Marking the 30th anniversary of the nonprofit Literary Arts in Oregon, this collection of 10 lectures from celebrated writers reanimates the humanistic argument that, far from being a “marginal cultural activity,” the production of serious literary fiction is an essential task. With eloquence, humility, and humor, contributors reflect both on their own creative processes and on literature as a whole. Trickery emerges as a common theme, with Margaret Atwood characterizing novel writing as a “kind of bank robbery,” and Wallace Stegner adding, “We’re all practiced shape-shifters and ventriloquists.” Even so, the subjects addressed are refreshingly diverse—Atwood writes on feminism, Russell Banks on film, Chimamanda Ngozi Adichie and Edward P. Jones on their sources of inspiration, and Ursula K. Le Guin on the “moral seriousness” of fantasy, to name a few. As a whole, the essays illuminate the importance of books in widening our intellectual horizons and the struggle to bring novels and their characters to life. The beautiful language these accomplished authors employ exemplifies the unteachable quality of the true “tricks of craft.” Serious readers should find a welcome reminder in this collection that great literature emerges from a receptive mind engaged with the “unanswerable questions” of human character and experience. (Nov.)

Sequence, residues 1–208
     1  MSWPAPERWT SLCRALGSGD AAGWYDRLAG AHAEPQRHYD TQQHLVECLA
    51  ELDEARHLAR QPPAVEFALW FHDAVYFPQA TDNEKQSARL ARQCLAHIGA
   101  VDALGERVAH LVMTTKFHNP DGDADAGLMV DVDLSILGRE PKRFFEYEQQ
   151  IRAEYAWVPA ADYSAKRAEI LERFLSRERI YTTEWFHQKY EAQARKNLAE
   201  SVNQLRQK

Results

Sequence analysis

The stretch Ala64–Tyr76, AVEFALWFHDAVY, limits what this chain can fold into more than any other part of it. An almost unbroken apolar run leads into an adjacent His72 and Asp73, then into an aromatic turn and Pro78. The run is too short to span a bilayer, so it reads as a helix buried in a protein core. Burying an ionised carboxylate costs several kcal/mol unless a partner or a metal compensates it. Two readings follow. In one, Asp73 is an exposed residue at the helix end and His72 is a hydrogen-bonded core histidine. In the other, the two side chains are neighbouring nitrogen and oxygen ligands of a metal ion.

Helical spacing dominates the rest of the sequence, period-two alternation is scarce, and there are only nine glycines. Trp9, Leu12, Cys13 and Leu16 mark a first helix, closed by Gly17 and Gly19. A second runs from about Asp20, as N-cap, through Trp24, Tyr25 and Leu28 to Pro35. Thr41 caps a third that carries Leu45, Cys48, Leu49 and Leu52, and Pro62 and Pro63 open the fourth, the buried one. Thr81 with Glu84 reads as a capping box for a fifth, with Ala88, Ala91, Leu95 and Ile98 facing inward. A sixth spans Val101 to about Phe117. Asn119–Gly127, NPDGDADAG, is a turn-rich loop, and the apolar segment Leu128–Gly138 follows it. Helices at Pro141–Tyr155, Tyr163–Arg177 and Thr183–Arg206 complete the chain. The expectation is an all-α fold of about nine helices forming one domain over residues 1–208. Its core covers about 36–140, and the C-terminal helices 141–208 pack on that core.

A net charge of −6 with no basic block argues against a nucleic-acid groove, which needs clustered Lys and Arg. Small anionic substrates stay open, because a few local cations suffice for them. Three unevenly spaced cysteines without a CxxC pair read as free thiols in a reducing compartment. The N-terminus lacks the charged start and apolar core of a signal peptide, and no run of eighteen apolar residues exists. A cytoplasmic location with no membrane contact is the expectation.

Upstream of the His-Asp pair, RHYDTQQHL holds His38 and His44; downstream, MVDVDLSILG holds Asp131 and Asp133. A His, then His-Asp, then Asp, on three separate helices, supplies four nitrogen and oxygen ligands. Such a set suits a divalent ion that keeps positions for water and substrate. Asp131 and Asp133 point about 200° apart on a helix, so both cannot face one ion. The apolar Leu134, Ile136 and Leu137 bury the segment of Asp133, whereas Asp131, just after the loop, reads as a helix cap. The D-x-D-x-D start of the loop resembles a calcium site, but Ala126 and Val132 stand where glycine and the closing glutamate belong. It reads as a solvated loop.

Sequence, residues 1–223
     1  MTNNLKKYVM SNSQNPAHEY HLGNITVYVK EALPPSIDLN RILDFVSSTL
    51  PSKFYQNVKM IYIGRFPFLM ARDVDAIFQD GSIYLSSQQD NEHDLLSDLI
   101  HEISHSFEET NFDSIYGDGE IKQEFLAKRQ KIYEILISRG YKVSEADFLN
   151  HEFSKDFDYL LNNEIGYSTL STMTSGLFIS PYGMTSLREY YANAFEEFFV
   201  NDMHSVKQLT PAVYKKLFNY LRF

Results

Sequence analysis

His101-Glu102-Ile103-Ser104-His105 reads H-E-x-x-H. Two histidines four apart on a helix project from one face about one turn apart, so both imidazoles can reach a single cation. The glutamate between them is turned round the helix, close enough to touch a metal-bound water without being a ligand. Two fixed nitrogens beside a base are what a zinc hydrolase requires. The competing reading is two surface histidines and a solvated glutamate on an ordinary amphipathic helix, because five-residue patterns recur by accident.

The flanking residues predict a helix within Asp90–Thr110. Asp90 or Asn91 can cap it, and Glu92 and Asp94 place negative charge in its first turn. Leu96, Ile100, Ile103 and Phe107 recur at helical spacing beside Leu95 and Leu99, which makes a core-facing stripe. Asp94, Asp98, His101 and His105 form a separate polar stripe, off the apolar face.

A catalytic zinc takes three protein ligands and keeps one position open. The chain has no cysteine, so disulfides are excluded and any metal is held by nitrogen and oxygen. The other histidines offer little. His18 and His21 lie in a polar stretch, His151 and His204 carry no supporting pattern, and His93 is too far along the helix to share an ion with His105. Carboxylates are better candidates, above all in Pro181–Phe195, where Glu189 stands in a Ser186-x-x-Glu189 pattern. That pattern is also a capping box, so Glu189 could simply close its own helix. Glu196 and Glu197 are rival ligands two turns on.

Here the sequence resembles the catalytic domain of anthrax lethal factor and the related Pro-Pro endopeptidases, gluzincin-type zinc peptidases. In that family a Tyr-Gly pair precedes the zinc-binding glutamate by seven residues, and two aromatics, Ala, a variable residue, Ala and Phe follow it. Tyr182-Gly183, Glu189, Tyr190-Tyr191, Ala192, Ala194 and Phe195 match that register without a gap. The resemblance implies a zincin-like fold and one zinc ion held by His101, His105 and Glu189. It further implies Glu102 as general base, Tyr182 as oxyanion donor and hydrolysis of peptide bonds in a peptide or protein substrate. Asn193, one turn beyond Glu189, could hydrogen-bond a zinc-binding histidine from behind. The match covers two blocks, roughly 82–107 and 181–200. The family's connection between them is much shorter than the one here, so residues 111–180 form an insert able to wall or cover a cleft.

Reviewed on: 09/29/2014 Release date: 11/01/2014 Genre: Nonfiction
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